A few observations...
I’ve been in the Hermit Kingdom for four months now (over 1% of my life) so I think I’m entitled to make a few spurious and unsubstantiated observations about its People and Culture.
First off, Korea is the most ethnically homogenous place I’ve ever been in my life. Apart from a handful of Indians, some Filipinos and of course the English teaching contingent, there are literally no non-Koreans here. This ethnic homogeneity (along with centuries getting bounced between China and Japan) as such has also engendered a fierce nationalism (and occasional racism) that seems to become apparent from about age seven upwards. My first experience of this was during the Summer Olympics, many of my students found it impossible that I could be supporting Ireland and Korea, preferring things to be more racially defined.
Japan is not in favour. One sure way of pissing off a bunch of Koreans is by telling them that Dodko is Japanese. This is a small group of rocks between Korea and Japan that the Japanese recently claimed was disputed territory in one of their school text books. While the rest of the world didn’t register, almost every man, woman and child in Korea became instantly incensed. This of course goes back to Japan’s raping of the peninsula over many years but the depth of feeling is pretty scary. Teenagers who should be lurking around ally ways smoking are instead pounding the street convincing the 0.0001% of Koreans who aren’t bothered. I was assailed in Seomyeon by one such youth and it’s not an exaggeration to say she was literally foaming at the mouth!
There is virtually no crime here (unless you count corruption) and Busan in particular is incredibly safe. This is why it is not uncommon to see power tools lying outside building sites that have been closed for the night and why Sarah and I recently saw a policeman sitting in another’s lap. As such, I fear some of my kindergarteners are going to take this place apart when they come of age but by that stage I’ll be long gone (from Korea.)
Appearance trumps everything. This is perhaps the strongest impression I have gathered in the last four months here and is the reason why the Hagwon system we are currently labouring under is so broken. Education is important, but the appearance of an education is more so. Korean kids spend the vast majority of their time in some educational establishment or other, often until late at night and during the weekend, but seem no more intelligent than the average British, Irish or North American. It is also the reason why in a few weeks time Sarah and I are set to grace the stage (again) to perform a “Christmas Dance” for the new mothers and children. This is not only demeaning, but is also apparently the benchmark by which all parents will judge our suitability to teach their little darlings. Throw in the fact that later in the year we are due to spend an entire month rehearsing a single class for the benefit of the parents and its not hard to feel like we are part of some gigantic propaganda machine. Goebbals would have been impressed.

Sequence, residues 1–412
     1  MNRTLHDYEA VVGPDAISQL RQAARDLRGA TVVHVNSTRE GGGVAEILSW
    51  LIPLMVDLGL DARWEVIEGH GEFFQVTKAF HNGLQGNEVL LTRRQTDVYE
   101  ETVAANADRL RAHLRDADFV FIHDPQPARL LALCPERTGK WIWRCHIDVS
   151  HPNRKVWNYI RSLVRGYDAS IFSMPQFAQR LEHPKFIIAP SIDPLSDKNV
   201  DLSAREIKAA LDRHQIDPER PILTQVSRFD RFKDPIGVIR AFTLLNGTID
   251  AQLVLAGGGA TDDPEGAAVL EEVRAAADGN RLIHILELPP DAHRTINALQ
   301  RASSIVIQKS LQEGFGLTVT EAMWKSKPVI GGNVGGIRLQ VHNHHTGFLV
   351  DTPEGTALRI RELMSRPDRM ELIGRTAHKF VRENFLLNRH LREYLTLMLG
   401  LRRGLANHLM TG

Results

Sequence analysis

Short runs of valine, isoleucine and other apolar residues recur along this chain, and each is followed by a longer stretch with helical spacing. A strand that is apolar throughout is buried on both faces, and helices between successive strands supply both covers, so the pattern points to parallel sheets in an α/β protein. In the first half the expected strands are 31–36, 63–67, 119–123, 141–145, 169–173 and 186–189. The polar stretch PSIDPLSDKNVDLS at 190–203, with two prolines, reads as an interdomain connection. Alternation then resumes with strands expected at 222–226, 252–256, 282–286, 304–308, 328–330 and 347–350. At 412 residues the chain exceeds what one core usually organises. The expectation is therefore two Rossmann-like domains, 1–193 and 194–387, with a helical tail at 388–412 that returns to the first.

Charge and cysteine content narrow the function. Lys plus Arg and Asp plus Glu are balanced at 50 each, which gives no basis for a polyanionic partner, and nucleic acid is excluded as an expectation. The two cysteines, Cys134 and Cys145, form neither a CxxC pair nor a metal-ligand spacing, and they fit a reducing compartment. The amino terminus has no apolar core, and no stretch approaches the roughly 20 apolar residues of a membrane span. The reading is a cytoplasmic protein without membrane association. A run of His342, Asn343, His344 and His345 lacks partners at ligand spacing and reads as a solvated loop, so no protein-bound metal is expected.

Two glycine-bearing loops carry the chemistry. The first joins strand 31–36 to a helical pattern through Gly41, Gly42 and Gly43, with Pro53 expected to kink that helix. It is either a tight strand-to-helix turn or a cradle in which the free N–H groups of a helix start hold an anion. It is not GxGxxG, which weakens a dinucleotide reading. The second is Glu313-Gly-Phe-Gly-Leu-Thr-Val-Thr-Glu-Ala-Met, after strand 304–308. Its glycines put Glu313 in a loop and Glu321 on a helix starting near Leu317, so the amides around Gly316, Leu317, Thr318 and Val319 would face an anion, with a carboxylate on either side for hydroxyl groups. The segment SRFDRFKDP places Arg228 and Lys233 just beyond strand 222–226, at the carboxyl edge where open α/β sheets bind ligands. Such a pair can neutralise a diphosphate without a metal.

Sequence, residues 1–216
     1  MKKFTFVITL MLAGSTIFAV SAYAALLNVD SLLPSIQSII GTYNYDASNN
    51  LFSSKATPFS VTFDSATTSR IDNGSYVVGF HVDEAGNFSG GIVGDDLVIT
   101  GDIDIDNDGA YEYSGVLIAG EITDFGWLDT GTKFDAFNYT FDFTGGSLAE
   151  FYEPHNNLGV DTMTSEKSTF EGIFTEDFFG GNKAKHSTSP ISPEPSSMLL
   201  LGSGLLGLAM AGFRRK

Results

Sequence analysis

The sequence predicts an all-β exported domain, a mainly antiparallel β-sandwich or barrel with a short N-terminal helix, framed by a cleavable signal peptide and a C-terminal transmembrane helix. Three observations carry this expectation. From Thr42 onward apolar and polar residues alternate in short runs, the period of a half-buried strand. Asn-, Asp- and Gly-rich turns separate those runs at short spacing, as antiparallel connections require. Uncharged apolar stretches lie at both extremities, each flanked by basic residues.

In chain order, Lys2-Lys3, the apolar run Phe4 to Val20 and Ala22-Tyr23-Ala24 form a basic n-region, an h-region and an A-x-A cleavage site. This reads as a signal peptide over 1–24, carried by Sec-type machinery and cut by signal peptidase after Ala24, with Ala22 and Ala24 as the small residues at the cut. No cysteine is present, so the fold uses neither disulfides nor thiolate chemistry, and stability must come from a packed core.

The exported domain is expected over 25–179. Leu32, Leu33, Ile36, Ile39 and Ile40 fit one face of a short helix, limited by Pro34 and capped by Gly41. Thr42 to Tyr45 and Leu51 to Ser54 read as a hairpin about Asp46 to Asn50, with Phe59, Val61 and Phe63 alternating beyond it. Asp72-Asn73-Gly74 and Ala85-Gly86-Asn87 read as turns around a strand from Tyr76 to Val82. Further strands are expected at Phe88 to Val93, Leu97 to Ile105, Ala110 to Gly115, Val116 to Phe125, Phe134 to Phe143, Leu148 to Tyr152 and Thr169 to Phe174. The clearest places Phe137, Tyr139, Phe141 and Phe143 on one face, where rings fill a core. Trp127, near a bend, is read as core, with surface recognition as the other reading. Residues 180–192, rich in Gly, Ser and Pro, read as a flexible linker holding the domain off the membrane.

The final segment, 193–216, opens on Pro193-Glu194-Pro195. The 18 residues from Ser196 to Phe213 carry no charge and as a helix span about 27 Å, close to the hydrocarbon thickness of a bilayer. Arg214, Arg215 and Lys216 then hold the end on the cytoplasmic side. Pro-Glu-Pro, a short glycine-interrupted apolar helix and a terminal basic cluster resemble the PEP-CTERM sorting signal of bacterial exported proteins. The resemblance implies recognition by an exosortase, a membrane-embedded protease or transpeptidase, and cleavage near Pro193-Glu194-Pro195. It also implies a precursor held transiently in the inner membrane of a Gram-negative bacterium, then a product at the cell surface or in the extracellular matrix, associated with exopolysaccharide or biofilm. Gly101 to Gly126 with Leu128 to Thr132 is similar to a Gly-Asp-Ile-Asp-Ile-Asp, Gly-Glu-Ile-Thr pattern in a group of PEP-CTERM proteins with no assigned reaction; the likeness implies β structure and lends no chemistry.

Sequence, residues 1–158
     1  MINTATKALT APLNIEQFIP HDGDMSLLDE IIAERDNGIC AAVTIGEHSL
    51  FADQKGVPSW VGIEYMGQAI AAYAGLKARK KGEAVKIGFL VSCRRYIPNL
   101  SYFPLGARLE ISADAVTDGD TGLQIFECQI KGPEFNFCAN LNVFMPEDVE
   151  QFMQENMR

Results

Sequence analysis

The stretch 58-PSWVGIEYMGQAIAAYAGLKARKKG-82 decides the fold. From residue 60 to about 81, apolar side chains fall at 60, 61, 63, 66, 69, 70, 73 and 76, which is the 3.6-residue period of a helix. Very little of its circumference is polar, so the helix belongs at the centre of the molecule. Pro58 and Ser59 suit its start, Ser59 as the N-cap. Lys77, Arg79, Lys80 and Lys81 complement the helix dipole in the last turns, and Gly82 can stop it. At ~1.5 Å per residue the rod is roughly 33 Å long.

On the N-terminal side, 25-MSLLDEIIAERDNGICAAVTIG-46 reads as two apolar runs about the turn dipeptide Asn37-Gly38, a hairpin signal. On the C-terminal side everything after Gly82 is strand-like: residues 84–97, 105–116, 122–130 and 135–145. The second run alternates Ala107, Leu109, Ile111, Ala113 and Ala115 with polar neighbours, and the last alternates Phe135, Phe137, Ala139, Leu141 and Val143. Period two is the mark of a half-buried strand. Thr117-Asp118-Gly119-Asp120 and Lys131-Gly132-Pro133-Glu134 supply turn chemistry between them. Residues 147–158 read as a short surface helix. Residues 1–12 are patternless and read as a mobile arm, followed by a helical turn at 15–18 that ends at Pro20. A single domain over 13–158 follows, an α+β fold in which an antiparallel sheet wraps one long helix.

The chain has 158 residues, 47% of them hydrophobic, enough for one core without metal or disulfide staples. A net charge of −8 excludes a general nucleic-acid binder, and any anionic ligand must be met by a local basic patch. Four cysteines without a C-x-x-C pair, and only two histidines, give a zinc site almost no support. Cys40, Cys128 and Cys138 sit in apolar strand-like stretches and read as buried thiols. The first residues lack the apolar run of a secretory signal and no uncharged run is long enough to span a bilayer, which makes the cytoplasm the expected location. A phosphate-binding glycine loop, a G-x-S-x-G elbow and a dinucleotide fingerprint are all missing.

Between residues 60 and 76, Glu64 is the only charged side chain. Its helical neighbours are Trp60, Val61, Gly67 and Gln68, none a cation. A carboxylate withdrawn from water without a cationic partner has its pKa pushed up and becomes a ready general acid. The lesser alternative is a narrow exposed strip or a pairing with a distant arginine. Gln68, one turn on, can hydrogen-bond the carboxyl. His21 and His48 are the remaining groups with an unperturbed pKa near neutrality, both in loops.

Work is often a case of Quantity over Quality. Aside from 10 public holidays a year, the Koreans (in our school at least) can’t take any holidays. Hagwons are petrified that if they shut their doors for a full week the parents will send their kids elsewhere and for this reason school holidays are strictly restricted. Neither can they take personal holidays as no-one seems to have realised that with a little downtime productivity might just increase and even getting sick comes close to a fireable offence. Some of the Kindergarten teachers in our school stay long after we leave at 6:30, despite the fact that most of the under sevens leave at 2:30pm (what they actually do in these intervening hours is not immediately apparent.)
For all the reasons mentioned above, workers rights are non-existent and Confuscus has a lot to answer for. He may have scored a goal by advocating the use of chopsticks but the deference to authority here is frightening. I’m all in favour of giving up my seat to and old person on the subway but more often than not this “respect” seems to lead to downright exploitation. Old over young and rich over poor but I’m not trying to rewrite the Communist Manifesto or anything so I’ll leave it at that.
Koreans’ are by and large a warm and generous bunch. Often if standing on the bus with a few bags of shopping someone will wordlessly unburden your load, and the other day when I went to pick up my trousers from the tailors he refused payment, claiming it was only a small repair and I could pay next time. Things like this tend to brighten my day and the same behaviour in the UK would probably warrant a smack on the head.
That does it for my observations for now – I may very well return to this topic in another four months time and recant everything I’ve said but such is the nature of experience.